There is a Sacredness in Tears

You’d think that purchasing a graduation dress for your grand-daughter would be a source of pleasure. A source of happiness. After all, you really wanted her to know she’s beautiful.

But not if you found yourself in Auschwitz years ago, and you never had the chance to mark that milestone in your life.

This was the experience of Dr Edith Eger, a teenage survivor of the Holocaust. She found that she was weeping after buying that new gown.

Weeping unexpectedly, and uncontrollably.

Why?

She was weeping for the good things that were stolen in the camps.

She was weeping for the dreams that now can never comes to pass. 

For we don’t just mourn and grieve for all the heartache in our lives.

We also need to grieve for all those things we were denied.

So, it’s not just for the trauma, and the damage from our past.

It is also for the good things we had wanted, but can’t have.

We need to let the tears flow freely for what could and should have been.

All the great ideas and plans; and all the normal hopes and dreams.

For Dr Eger, this included simply going to a ball. And the chance to be admired. To enjoy being beautiful.

How does this apply to us?

In this blog we tend to focus more on those who’ve been betrayed. But any kind of trauma can affect us in this way. For example …

We may find we need to grieve because we can’t relax and trust (because our spouse deceived us, and has built a life on lies).

Or, perhaps we need to grieve because we’re not ‘the only one’ (as our partner was unfaithful, or has paid for online sex).

Or, perhaps we need to mourn because our children’s lives have changed (as their parents are divorced  and, thus, the family’s not intact).

Writing our own list

So maybe it would help if you could set aside some time, to think about your losses.

All the trashed and broken dreams.

For the things that didn’t happen,

All the stolen fantasies.

For the multitude of losses you have buried in your heart.

So why not start that process, and allow yourself to grieve.

You will find that it is healing.

It will soothe, and bring relief.

There is a sacredness in tears. They are not a mark of weakness, but of power. They speak more eloquently than ten thousand tongues. They are messengers of overwhelming grief.”

– Washington Irving

28 thoughts on “There is a Sacredness in Tears

  1. There is a saying I used to hear a lot in AA.. “An alcoholic will cry over a broken shoe lace.” it is just that the person using as substance to escape has so much past pain over connections broken, things not happening they needed and a host of other traumas the broken shoe lace triggers it.. If we all understood this a bit better we would look to question and comfort someone, as well as make an attempt to understand them.. This is a great post.

    Liked by 5 people

  2. Oh my, you are amazing. I learnt something today to be blessed by my colleague. My mother was a martyr. Suffered all here life. Rescued from the Deaths camps aged ten years old. Smuggled to Australia 🇦🇺 with many young children moments before the doors closed. Never a moments peace until the day she passed over aged 89 years of living hell.😔 Shalom 😔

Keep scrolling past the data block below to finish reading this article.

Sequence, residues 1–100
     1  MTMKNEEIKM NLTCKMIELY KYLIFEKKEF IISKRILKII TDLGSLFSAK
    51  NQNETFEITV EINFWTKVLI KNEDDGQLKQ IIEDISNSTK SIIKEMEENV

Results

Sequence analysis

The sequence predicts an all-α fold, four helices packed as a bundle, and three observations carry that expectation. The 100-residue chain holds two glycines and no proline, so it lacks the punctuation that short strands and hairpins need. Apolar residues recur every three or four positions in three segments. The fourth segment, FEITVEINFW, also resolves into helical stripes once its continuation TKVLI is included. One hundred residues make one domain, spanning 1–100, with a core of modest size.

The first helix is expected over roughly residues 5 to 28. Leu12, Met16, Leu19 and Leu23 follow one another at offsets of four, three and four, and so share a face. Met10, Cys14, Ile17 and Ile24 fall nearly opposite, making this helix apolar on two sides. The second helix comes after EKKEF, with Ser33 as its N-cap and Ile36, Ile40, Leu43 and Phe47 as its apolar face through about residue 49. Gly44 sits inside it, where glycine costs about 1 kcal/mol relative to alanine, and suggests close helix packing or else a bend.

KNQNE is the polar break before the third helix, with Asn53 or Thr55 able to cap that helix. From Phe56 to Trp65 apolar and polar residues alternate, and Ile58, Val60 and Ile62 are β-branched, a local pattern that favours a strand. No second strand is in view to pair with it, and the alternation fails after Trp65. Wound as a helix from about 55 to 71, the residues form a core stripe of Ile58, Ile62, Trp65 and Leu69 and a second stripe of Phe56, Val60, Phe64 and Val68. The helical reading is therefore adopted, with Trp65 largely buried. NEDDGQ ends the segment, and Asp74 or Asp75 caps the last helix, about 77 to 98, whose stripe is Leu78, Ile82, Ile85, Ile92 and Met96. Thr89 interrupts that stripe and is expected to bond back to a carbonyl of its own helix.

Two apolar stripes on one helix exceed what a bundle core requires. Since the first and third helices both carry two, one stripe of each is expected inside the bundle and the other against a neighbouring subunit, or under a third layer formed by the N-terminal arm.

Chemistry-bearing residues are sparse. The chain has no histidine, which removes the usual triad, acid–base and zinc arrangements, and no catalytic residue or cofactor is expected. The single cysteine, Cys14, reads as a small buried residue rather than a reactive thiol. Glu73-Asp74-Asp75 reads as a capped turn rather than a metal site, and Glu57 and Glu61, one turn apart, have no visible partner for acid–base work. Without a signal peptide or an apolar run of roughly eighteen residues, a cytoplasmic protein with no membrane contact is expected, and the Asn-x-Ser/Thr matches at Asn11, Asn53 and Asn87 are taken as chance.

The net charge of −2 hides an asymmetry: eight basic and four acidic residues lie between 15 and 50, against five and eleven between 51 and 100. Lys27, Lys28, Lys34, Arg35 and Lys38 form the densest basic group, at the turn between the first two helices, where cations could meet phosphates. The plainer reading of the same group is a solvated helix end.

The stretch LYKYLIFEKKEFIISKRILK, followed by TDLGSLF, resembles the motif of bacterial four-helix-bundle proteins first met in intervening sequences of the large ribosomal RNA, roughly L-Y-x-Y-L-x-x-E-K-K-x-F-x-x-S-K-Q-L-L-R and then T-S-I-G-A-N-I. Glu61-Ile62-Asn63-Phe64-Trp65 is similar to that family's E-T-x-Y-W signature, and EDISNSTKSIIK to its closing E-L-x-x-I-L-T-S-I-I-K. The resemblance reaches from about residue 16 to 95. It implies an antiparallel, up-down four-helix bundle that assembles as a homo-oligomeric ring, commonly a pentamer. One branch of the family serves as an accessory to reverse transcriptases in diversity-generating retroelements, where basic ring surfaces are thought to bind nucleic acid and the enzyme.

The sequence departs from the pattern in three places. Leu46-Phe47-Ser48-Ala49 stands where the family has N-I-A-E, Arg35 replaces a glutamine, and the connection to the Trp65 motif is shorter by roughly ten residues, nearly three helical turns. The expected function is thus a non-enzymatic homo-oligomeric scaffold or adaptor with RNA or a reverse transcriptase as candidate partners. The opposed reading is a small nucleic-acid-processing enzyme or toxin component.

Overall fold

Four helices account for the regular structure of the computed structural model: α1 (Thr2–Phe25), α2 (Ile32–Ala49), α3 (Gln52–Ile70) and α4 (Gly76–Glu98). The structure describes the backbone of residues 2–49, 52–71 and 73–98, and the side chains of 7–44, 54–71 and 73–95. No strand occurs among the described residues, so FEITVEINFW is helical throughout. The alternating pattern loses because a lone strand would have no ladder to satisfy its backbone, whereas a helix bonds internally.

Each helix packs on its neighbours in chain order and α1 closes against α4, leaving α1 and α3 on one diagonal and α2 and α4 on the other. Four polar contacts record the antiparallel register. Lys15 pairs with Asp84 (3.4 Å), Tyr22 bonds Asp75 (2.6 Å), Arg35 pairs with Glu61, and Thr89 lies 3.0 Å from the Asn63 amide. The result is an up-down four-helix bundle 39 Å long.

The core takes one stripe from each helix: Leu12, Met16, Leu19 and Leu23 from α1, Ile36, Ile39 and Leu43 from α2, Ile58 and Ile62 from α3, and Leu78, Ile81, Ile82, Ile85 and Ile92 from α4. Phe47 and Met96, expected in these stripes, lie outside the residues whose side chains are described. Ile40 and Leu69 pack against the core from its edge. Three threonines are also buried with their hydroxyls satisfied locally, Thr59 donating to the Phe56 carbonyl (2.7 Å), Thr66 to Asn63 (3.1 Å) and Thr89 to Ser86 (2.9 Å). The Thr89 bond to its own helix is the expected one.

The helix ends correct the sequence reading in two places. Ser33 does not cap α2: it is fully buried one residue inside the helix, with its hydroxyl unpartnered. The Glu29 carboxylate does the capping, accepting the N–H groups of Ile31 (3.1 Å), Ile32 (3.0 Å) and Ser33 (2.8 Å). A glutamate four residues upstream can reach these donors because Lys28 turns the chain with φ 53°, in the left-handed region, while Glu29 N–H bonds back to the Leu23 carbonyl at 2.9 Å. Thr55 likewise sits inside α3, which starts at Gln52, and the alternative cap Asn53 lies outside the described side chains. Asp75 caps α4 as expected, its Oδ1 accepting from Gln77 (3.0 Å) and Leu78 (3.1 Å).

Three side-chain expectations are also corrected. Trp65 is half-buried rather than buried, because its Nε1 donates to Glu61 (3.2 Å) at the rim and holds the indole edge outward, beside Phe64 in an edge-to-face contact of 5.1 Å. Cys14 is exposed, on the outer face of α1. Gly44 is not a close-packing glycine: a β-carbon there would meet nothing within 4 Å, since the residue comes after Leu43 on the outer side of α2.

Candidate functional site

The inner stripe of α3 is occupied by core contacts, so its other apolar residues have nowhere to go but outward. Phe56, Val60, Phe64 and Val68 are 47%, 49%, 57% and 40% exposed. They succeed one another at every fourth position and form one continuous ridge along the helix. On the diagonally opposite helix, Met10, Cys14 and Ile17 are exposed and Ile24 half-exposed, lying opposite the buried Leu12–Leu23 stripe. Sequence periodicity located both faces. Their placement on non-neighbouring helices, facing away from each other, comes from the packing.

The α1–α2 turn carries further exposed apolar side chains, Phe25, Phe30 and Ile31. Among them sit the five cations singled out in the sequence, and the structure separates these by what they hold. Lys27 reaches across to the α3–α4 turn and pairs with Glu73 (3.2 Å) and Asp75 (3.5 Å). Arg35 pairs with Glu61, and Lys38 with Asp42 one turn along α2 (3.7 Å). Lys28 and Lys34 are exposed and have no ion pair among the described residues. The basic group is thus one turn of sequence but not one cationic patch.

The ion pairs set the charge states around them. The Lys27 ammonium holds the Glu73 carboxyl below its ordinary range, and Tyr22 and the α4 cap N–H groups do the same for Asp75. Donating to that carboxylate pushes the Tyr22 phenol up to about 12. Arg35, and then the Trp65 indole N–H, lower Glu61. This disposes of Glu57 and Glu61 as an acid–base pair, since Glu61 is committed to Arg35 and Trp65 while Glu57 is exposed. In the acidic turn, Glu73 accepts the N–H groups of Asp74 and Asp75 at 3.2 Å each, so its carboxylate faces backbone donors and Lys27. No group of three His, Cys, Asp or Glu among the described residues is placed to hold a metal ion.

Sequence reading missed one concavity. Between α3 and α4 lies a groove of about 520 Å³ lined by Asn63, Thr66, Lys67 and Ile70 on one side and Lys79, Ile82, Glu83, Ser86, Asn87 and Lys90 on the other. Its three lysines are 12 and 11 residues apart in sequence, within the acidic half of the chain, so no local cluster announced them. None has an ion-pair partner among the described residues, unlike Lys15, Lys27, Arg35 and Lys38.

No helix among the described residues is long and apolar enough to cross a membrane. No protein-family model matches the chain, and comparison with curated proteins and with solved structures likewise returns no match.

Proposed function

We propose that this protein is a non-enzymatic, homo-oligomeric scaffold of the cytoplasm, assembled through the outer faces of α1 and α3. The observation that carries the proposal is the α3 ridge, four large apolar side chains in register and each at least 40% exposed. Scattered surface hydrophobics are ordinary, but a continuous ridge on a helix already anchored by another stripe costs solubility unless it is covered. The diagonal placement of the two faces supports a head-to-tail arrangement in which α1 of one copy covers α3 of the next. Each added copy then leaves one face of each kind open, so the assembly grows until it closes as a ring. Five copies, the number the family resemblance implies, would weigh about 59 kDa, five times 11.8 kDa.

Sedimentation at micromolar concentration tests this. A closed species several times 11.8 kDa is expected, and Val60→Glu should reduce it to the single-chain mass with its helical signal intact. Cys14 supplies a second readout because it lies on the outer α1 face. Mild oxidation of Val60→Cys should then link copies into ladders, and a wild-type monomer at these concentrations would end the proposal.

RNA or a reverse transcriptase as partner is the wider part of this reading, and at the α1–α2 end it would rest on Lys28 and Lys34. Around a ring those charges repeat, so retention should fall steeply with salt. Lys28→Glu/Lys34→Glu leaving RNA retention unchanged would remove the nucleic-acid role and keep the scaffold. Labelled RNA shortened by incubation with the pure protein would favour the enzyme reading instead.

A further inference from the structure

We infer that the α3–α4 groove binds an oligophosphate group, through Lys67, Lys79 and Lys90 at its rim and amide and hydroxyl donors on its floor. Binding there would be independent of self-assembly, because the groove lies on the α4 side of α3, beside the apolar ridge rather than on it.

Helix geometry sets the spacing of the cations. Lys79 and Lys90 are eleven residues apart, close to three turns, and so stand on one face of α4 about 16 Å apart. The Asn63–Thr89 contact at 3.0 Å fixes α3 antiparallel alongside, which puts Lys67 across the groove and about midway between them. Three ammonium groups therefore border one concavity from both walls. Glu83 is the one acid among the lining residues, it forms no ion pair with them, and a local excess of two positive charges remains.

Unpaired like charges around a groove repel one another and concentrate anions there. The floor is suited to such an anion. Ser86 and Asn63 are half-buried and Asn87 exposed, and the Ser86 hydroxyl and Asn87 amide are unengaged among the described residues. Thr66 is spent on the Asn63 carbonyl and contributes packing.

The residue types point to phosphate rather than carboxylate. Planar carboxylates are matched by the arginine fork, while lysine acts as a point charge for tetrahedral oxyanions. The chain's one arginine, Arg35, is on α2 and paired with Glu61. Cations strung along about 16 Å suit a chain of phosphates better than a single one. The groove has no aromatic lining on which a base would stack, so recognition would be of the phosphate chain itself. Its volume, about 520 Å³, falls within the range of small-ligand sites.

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  3. Your post today strikes at the heart of something that has always concerned me about societal norms: some emotions are not acceptable. For instance, it’s acceptable for a man to be angry, (even aggressively), but not tearful or afraid.

    Emotions are emotions; they come out when they are ready. We should never say that any of them (in and of themselves) are bad.

    Grief can be a good thing, as well—if we complete the cycle. Our minds need to heal after trauma, and grieving is a way to do that.

    Liked by 5 people

    • Such wise and compassionate words. Yes, emotions come out when they are ready, and we should never say that any of them are bad. We DO need to complete the cycle and grieve honestly and fully. Thanks for taking the time to read and comment, Dave.

      Liked by 2 people

  4. I’ve learned that tears become my friends during the traumatic peaks. Releasing me from the worst of the darkness. I used to pride myself that I wasn’t a tearful woman.

    I just didn’t fully understand the depths xxx

    Liked by 2 people

  5. Oh my. So many emotions brought up by this deep article. So true – grieving over what never was and can never be. AND that’s it’s okay to grieve what never happened! My twin daughters never got to wear their grad dresses last spring. Never got to waltz across the stage to collect their diploma. Sometimes, it’s the little things that hurt the most, and a memory not made is just as painful as a memory that was made. I never got my proud mama moment either. This was bothering me in the back of my mind, but shunted it aside as a sacrifice needed for the greater good. Thank you for the permission to grieve this loss that can never be replaced.

    Liked by 2 people

    • I really feel for all those young adults who don’t get to participate in hugely important milestones … graduations, balls, weddings, and so on … because of Covid. (And, as you say, the parents too. My best friend’s only daughter got married in May with only the family present. Not what any of them had planned and hoped for.) Yes, so many significant losses. Thank you for sharing about your daughters. Wearing those grad dresses is such a huge deal. Not having the memories of participating in that rite of passage is a very real loss.

      Liked by 2 people

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